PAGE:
The bank concluded that "even a very bearish scenario is not as bearish as one might have thought".
"This is particularly the case when the downside is taken in the context of the impact of potential upside in copper demand growth from the decarbonisation driven sectors, the potential for restocking North American and European finished goods inventories, and the likely demand from the US Bipartisan Infrastructure Bill and Build Back Better Plan," analysts said.
Still, Citi expects a "soft patch" in copper prices between now and Chinese New Year 2022 due to seasonal weakness, sluggish consumption and sustained shipping and chip issues.
"Having said this, copper and metals more broadly may get some very near term support from an expected slight bounce in China's November PMI (on the back of power supply improving and targeted property easing measures), together with the passage of the US Build Back Better plan, and as logistical supply issues continue," it said.
Given its bullish medium-term view, Citi recommended buying dips below US$9000 per tonne.
Copper is trading just below $9900/t currently.
Citi's base case view for June quarter of 2022 onwards is bullish, assuming Chinese credit easing in the first quarter and assumed sequential improvements in container shipping and chip supply.
"Even if China does not ease broadly, it is probable that the easing will be relatively copper- and battery metal- intensive, what with the recent subsidized loans being offered to decarbonisation related projects," the bank said.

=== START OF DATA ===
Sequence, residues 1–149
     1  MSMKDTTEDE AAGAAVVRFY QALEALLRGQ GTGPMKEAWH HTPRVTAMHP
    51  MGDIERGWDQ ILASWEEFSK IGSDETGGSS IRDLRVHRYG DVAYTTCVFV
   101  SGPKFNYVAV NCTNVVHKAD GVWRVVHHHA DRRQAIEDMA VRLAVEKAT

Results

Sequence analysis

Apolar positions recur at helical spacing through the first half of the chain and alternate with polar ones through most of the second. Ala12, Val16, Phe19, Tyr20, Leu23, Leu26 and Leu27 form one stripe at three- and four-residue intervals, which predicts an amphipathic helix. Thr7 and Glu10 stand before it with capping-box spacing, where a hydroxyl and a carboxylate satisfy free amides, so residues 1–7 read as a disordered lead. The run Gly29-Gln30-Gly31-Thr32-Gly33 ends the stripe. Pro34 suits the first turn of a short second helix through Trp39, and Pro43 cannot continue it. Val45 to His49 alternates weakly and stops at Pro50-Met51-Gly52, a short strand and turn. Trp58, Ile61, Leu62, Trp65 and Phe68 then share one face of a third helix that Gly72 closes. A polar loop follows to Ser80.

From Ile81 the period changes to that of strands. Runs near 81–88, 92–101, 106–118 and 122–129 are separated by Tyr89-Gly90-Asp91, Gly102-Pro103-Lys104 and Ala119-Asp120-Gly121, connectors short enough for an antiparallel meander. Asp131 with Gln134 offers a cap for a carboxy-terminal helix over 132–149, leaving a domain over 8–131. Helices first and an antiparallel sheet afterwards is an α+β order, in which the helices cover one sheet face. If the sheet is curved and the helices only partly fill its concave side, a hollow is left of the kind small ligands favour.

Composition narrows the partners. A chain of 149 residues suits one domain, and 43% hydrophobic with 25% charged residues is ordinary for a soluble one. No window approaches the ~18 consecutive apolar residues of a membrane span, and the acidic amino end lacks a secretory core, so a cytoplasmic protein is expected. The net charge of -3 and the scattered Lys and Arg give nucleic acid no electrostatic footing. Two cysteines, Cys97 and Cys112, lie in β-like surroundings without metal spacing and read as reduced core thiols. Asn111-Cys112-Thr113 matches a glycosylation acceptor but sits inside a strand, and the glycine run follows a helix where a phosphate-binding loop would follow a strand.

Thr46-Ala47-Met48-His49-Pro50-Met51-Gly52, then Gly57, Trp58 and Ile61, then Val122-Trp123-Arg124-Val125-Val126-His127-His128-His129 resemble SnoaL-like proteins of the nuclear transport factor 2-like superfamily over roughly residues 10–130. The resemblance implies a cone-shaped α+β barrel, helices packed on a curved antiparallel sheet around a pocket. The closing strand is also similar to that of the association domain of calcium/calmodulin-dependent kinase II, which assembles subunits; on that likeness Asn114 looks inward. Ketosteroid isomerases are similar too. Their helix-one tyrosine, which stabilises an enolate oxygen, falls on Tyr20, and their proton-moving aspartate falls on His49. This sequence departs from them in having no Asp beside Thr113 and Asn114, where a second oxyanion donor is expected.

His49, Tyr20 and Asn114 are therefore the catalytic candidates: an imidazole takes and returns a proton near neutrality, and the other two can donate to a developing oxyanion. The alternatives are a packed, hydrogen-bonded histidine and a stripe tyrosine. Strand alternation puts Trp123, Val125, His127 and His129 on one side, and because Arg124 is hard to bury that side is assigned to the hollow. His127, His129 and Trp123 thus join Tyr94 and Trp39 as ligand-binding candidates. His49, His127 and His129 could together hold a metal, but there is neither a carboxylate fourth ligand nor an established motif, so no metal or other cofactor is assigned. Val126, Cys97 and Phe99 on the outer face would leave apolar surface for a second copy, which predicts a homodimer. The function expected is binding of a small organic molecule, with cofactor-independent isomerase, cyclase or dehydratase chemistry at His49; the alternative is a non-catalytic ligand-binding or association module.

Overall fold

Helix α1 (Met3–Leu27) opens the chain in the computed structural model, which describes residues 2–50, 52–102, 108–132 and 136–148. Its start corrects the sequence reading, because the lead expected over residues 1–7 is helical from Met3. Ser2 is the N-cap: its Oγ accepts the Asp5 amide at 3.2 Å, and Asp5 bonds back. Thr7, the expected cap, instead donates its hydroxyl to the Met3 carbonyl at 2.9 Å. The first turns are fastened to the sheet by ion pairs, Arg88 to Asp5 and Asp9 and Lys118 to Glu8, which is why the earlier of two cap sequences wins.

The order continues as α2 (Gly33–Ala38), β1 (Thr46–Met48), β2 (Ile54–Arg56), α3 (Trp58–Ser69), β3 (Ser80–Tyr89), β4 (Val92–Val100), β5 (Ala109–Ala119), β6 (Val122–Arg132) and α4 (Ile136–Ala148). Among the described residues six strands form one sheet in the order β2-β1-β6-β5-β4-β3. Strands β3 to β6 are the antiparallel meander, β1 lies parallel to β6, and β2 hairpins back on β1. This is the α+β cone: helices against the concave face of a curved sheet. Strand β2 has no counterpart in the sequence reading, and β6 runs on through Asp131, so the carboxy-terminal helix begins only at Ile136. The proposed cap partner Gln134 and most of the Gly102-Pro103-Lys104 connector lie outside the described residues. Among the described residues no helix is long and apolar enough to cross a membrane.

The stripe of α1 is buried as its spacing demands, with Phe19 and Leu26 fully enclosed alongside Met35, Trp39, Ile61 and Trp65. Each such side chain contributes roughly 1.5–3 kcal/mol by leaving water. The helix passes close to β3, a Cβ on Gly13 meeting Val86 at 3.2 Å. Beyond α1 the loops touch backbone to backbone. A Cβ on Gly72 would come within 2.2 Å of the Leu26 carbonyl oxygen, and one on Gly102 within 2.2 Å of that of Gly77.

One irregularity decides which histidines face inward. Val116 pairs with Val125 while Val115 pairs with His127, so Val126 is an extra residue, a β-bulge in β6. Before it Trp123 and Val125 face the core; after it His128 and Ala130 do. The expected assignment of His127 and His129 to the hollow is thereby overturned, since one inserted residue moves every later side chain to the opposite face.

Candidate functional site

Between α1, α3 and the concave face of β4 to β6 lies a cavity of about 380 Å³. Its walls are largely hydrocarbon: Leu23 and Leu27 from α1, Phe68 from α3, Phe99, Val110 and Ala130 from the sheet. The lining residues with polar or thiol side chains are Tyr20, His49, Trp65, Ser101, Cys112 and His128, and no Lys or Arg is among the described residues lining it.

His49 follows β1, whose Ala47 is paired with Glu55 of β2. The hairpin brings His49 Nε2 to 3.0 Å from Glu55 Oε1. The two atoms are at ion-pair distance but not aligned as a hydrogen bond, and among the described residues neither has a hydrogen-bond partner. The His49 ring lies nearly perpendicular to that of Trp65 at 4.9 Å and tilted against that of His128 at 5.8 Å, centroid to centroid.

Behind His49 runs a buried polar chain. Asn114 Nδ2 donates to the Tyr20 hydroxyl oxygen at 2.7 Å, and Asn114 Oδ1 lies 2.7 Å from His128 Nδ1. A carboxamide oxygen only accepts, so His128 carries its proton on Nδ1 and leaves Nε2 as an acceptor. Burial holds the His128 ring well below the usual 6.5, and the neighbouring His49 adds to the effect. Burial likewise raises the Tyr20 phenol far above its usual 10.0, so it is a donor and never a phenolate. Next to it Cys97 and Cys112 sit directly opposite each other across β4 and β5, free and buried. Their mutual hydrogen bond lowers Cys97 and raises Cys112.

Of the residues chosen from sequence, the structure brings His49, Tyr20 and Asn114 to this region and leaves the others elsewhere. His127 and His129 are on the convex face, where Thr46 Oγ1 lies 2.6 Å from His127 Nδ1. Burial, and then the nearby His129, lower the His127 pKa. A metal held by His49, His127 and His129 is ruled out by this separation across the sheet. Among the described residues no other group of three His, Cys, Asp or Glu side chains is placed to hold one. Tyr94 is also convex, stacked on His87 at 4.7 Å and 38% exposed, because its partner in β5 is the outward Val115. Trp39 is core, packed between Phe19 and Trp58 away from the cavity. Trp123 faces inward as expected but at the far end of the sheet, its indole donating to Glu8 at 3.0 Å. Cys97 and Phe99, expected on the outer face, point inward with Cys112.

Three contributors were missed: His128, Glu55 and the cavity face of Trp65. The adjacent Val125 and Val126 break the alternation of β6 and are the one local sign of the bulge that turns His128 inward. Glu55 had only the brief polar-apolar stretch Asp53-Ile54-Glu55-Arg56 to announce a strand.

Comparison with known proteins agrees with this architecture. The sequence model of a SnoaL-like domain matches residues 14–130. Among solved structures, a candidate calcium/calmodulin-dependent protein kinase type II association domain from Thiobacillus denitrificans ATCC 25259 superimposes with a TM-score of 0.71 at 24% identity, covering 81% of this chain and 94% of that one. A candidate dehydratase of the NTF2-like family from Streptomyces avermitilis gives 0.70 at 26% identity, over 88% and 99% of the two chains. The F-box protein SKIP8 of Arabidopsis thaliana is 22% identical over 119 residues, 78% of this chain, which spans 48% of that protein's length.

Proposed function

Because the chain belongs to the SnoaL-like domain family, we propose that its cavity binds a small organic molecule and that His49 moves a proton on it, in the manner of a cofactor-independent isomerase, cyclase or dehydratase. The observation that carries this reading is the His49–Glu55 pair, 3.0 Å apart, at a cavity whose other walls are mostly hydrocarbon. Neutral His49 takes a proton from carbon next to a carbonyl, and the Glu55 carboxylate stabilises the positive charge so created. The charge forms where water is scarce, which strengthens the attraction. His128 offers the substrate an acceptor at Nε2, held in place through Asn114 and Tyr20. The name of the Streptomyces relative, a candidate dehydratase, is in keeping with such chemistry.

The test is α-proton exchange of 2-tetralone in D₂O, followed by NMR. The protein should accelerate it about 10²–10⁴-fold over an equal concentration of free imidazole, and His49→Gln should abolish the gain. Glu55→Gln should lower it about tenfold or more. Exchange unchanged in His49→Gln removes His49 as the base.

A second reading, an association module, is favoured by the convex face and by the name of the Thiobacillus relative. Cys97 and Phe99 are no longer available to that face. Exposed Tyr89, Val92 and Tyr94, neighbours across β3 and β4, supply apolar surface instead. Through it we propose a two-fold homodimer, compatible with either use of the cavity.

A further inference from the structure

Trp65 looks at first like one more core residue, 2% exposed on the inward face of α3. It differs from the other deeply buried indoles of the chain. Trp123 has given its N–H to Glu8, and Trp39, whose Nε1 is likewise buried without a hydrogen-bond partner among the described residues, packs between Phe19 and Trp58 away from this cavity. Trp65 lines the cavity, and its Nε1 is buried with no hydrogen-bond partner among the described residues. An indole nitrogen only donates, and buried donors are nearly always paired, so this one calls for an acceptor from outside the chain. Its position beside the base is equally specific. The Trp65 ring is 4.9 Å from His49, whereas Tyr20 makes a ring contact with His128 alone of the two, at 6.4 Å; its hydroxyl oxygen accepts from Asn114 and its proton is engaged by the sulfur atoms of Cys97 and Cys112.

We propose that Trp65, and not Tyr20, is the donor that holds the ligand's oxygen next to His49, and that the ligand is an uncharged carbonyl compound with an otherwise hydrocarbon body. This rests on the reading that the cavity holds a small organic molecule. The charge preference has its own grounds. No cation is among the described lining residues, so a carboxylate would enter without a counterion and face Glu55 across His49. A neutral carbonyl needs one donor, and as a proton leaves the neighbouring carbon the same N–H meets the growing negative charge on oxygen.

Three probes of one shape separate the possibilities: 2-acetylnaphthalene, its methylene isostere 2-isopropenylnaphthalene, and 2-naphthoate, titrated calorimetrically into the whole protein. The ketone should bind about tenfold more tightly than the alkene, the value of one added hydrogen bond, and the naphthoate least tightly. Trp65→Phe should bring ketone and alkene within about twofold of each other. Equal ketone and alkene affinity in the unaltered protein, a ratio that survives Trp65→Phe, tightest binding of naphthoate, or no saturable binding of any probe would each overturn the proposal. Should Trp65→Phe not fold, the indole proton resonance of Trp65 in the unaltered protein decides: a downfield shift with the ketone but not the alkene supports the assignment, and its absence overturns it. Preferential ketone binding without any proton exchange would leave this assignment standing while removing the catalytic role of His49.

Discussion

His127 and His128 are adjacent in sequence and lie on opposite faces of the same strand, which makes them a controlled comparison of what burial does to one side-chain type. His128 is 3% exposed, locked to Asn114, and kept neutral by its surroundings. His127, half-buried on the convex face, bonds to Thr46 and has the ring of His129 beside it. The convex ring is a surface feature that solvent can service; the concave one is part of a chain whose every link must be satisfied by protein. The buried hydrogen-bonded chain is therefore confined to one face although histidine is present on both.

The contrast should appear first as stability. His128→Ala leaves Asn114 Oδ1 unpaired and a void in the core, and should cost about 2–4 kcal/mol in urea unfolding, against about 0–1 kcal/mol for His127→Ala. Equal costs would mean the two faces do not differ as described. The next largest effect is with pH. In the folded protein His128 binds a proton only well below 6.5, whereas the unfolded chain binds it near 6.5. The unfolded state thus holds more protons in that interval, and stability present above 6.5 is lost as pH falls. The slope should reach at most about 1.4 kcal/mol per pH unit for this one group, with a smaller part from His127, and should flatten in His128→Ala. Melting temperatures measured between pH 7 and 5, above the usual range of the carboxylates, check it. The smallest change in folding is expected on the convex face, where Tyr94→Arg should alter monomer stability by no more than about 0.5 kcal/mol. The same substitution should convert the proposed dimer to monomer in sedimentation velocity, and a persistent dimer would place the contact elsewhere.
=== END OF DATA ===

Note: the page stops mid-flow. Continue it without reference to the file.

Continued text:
While the Chinese property slowdown is concerning investors, Citi said it was unlikely to surpass the positive demand momentum for copper coming from decarbonisation, US stimulus, and ex-China goods restocking.
Citi's bear case for a 400,000t year-on-year decline in Chinese property demand equates to 1.4% of global consumption.
Analysts expect the US Bipartisan Bill could add 130,000tpa of copper demand and the Build Back Better plan was worth at least another 200,000tpa.
"We identify circa $400 billion of copper intensive spending in the proposed bill out of a total of $470 billion of infrastructure and housing spending," Citi said of the Build Back Better bill.
"Collectively we estimate that the two US bills (if passed) would make up circa 320,000t or 16% of our base case forecasts for copper consumption growth in the decarbonisation sectors by 2025 (and 10% of total copper consumption growth over the same period), which we base on a central IPCC 2-degree (Paris agreement) consistent pathway."